In this new series, The Jeju Weekly brings you the best of The Korea File, a podcast by Andre Goulet on Jeju and Korean contemporary music, film, politics and culture. In this edition Goulet talks to ethnomusicologist Tanner Jones who is studying Jeju’s traditions of shamanic drumming.
Tanner Jones is an ethnomusicologist, a field he describes as a “combination of music and anthropology.” For Jones, music is as intertwined with culture as swirling colors in a glass bowl, mixing yet remaining distinct, and retaining traces of genetic relationships to other cultural influences.
He first came to Korea in 2010, on “a whim,” to discover Korea’s musical traditions and work as an English teacher as part of the Teach and Learn in Korea (TaLK) program. After his first year he felt starved of “scholarly interaction” and yearned to become more active in the music scene.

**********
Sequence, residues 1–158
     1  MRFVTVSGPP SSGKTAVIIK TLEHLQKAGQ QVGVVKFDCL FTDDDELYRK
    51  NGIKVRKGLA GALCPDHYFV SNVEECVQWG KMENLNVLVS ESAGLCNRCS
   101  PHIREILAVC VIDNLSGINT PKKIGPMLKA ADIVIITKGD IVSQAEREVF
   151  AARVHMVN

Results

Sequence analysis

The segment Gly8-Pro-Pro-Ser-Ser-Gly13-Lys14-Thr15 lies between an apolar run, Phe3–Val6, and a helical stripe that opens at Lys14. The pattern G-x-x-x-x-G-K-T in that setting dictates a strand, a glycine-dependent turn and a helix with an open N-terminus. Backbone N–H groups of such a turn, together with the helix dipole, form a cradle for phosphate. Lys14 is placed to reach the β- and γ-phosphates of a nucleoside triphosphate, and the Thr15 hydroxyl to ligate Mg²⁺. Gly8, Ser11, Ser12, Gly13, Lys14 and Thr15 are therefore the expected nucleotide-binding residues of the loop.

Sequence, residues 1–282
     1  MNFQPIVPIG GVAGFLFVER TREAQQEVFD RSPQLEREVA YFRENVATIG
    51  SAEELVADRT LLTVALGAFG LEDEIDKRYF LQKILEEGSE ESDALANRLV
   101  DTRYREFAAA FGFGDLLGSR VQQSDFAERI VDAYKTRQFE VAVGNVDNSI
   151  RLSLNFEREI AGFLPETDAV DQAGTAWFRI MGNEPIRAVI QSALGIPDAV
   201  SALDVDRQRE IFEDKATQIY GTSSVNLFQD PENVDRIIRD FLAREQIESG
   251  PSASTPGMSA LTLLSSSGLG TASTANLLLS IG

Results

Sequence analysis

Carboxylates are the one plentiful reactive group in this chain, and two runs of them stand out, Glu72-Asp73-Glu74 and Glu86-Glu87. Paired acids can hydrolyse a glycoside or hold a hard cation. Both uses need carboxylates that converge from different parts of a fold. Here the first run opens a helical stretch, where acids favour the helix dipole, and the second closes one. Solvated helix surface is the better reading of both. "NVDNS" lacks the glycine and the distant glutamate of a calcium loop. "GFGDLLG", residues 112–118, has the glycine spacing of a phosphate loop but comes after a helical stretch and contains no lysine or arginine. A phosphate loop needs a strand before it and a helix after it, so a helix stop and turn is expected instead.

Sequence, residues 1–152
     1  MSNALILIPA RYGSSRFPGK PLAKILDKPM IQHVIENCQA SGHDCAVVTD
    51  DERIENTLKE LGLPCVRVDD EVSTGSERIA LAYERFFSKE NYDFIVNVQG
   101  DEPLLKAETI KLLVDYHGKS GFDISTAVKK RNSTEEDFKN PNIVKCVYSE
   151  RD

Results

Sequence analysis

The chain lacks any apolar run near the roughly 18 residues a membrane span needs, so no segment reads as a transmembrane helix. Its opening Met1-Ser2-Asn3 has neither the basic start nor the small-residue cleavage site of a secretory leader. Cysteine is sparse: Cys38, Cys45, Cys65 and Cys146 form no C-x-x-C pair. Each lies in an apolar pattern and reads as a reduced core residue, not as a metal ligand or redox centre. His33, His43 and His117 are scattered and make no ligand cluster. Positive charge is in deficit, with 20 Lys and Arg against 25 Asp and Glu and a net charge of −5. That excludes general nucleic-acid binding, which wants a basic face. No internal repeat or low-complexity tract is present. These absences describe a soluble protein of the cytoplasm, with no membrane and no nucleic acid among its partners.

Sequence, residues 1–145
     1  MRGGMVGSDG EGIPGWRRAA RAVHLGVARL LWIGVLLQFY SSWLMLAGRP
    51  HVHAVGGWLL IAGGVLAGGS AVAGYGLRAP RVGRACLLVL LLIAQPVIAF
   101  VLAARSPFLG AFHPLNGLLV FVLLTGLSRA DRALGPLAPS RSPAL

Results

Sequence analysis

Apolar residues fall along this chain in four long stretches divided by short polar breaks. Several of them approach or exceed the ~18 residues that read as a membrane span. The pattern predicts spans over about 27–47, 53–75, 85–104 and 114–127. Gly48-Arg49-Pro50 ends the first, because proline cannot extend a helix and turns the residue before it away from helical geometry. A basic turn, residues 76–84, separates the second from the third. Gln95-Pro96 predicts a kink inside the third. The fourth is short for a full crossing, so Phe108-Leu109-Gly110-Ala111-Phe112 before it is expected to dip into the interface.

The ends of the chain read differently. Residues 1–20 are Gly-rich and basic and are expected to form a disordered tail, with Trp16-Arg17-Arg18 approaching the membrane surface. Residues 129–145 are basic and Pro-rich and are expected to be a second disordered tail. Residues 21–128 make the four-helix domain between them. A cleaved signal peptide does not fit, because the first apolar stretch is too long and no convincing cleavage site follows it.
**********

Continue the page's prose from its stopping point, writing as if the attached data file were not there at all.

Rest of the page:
He then embarked on a journey to discover Korea’s musical heritage which now sees him living on Jeju and researching the local “pungmulnori,” a form of drumming, dancing and singing often used for shamanic ceremonies. It bears a resemblance to the more famous “samulnori” made famous by the theatrical performance, “Nanta.”
Jones says Korean shamanic music is very “percussion-driven” and often accompanied by string and wind instruments. On Jeju, however, the music is purely percussive and the style of “buk” (traditional drum) produces distinctive “syncopated rhythms” (in which weak beats are stressed over strong beats).
It is a style that has enthralled Jones, and despite many Koreans telling him that shamanic traditions are “dying out” here, he believes it retains widespread cultural importance.
“I have met very devout Catholics that see shamanism as culturally important to them and so it is a very live and living thing,” he said, adding: “Tangibly a lot less than it used to be, but I don’t think it is as dire of a situation.”
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